Make no mistake, we have the beginning of a real problem here. This shakedown gambit takes massive value away from creditors, including—as in the Boy Scouts bankruptcy—real victims. And the opportunities don’t seem to be disappearing, just look at the quick succession of the Purdue Pharma opioids bankruptcy, the Boy Scouts of America bankruptcy, and the new J&J talc bankruptcy.

Possible Solution—Judicial Conference

Congress could, of course, tackle systemic solutions. But a more viable avenue is the Judicial Conference of the U.S., which prescribes the official rules and forms governing bankruptcy practice and procedure. The Judicial Conference could quickly change the claim forms to require greater up-front disclosures and heightened certification requirements for the lawyers (and others) who help file claims on behalf of tort claimants.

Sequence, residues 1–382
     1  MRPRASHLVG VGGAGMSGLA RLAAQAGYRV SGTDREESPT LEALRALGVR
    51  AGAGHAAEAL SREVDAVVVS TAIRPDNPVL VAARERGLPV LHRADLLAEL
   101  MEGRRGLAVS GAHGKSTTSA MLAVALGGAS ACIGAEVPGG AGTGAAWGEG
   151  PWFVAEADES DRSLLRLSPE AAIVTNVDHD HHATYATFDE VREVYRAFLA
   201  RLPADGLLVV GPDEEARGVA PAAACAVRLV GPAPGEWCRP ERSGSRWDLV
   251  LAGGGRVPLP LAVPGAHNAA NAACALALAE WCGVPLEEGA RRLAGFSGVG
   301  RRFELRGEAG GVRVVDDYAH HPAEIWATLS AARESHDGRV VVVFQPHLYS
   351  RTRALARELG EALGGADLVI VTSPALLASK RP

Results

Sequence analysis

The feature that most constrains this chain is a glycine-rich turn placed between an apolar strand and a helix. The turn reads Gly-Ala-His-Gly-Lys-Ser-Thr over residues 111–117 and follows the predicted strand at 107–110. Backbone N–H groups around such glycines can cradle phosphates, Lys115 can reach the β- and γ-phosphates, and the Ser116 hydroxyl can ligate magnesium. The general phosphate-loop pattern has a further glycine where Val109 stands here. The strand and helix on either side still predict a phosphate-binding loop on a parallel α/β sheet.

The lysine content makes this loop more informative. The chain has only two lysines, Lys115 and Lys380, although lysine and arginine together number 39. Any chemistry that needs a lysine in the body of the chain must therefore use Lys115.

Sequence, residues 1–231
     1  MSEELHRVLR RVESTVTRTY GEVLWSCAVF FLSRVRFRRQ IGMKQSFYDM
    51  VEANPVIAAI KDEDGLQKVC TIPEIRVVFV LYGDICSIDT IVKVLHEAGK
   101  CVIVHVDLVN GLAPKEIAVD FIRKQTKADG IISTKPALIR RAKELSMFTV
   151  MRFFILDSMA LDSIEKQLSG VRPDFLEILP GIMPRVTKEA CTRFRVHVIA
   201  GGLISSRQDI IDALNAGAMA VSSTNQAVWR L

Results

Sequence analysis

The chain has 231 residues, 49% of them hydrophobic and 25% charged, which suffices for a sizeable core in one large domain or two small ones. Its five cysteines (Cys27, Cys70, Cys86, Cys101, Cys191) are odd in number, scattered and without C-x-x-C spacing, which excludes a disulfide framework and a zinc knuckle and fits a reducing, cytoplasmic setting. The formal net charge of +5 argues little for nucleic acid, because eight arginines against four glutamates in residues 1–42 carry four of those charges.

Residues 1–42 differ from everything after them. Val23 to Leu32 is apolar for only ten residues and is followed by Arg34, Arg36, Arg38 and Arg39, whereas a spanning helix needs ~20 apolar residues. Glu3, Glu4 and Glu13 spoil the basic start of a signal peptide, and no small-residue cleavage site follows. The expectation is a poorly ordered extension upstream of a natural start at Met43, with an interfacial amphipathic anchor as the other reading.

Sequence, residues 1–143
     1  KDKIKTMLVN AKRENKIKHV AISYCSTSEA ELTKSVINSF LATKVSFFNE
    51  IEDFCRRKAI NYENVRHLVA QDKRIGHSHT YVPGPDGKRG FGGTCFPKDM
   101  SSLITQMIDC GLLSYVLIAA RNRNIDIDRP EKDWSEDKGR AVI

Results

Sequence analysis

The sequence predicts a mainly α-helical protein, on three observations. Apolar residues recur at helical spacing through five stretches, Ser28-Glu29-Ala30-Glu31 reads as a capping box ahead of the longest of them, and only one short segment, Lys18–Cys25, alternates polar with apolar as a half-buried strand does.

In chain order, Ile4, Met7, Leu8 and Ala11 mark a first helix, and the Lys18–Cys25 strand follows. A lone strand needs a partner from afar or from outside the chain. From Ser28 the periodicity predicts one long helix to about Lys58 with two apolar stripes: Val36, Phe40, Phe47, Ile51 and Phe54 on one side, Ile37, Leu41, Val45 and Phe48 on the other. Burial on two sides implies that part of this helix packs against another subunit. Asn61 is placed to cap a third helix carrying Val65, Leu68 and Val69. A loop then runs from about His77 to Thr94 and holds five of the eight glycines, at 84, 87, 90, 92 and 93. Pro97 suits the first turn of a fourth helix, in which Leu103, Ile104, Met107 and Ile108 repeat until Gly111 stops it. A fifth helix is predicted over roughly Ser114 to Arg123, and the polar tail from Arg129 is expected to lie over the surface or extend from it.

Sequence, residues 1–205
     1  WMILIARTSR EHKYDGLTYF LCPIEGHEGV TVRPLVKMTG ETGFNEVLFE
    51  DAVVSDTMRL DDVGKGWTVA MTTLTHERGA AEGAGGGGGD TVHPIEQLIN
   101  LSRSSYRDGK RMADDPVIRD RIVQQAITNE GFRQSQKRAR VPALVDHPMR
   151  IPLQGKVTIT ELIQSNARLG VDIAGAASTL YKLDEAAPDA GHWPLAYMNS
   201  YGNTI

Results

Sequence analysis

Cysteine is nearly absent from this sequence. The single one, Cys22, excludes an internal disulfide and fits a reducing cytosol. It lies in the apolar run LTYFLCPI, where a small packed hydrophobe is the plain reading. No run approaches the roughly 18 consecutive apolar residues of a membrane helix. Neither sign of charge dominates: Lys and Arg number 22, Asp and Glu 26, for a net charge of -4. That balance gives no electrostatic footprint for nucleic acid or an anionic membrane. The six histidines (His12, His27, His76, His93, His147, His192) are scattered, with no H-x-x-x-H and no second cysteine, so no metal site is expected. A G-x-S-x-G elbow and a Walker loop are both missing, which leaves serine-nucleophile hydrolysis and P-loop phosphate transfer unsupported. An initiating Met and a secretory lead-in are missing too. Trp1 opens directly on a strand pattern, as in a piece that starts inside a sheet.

In the meantime, and as longer-fused rule changes proceed, bankruptcy judges could appoint claims examiners in cases where large numbers of mass tort claims are brought into the bankruptcy proceedings. These examiners would shed light on how tort claims are solicited and would reveal whether victims are being subjected to abuse or mistreatment in the submission process.

Courts could then take corrective action. The increased transparency from systematic use of claims examiners together with action by the Judicial Conference could dissuade future abuses and protect real victims from getting crushed in a mass tort trial lawyer gold rush.

This article does not necessarily reflect the opinion of The Bureau of National Affairs, Inc., the publisher of Bloomberg Law and Bloomberg Tax, or its owners.

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Author Information

Lawrence A. Friedman is the managing member of Friedman Partners LLC. He was the director of the Executive Office for U.S. Trustees from 2002-2005 and prior to that served as a Chapter 7 & 11 bankruptcy trustee.